We are always learning/growing, and often “failure” is just a process of learning, and we tend to only learn/fail in new situations that are full of challenges and struggles.

    I actually recently wrote a blog post on this and called it “The Gift Of Adversity” after I seriously hurt my back when I was first trying to change my eating/exercising, I had to frame the experience in a way that was useful, not self-defeating…



    • Reply
      November 2, 2011 at 5:02 pm

      I can’t wait to catch up on your blog tonight Ry….and I love the quote…

  • Reply
    Jennifer S
    November 2, 2011 at 7:32 am

    There will always be someone that thinks that they know what the answer is to your stuggle and how to end the journey for you, a quick fix or new fad. Unlike the butterfly you have a choice and you get to decide which path to take. So you stuggle to find the right path for yourself, you read, you try, and yes you fail. (holy cow how many calories did that one bite have)? And the day you get to the magic number that you may have the new stuggle to stay fit and healthy begins. The end of this struggle isn’t really the end? WHAT! So many things have changed for you but the one thing that has not…you are still you and at the end of each finish line it is only the start of a new race. So embrace this stuggle it is going to help you succeed with the next struggle until you build the fit and healthy lifestyle that choose.

    • Reply
      November 2, 2011 at 5:02 pm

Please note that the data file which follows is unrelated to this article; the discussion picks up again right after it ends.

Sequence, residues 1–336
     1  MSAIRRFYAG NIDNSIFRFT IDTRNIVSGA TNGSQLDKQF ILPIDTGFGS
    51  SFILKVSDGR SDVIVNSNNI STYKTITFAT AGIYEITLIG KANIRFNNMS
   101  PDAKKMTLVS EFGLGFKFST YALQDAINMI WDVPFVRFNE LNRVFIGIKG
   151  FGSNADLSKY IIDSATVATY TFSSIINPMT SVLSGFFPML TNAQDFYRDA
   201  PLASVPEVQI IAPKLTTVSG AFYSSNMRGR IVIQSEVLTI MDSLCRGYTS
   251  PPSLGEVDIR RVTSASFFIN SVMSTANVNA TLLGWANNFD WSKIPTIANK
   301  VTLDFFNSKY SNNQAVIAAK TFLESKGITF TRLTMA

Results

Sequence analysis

We do have choices…and I’m making good ones today.

  • Reply
    November 2, 2011 at 9:21 am

    Kenlie – so sorry about the loss of your uncle, from your posts I can tell he was a special man to many people…

    Hi Karen – interesting post.

    I have a loving and caring family, a career, a house and no major health problems. I know I am fortunate that the only area I struggle with is my eating and weight issues.

    About four years ago, I realized that there was something wrong with my thinking. Not everyone struggles with food like I do. Why is that? Then I read about cognitive behaviour therapy, a form of therapy that works to change negative behaviours. When I was ready, I worked with a cognitive therapist to change my negative eating habits into positive habits.

    In addition to changing my behaviour, I learned that my struggle with food is not a sign of a normal eater; I learned that an eating disorder triggered by dieting locked me in an endless cycle of restriction and overeating.

    Resisting the struggle did not make me fat. Twenty three years of living with an untreated eating disorder and two pregnancies made me fat. Not wanting to live with the struggle any longer is what compelled me to reach out for help that I needed.

    I have a long bumpy road ahead to lose the weight (80 – 100 pounds) sure, at times I’ll be frustrated, but I’m not willing to go back to that food/dieting struggle again.

    Sometimes a struggling with food and weight is a sign that you need help.

    • Reply
      November 2, 2011 at 5:03 pm

      It is absolutely totally completely utterly okay to need help. Just saying.

  • Reply
    November 2, 2011 at 1:28 pm

    I absolutely believe that good can come from struggles. But what matters most is our RESPONSE to that struggle. I’ve seen it in my own life.

    FWIW from a stranger, I am so sorry about your uncle. It sounds like he was very special to you. My dad passed away last month, so I have an idea of what you’re going through.

    • Reply
      November 2, 2011 at 5:04 pm

      I can’t imagine the pain of losing my dad…don’t want to. I’m so sorry for your loss too….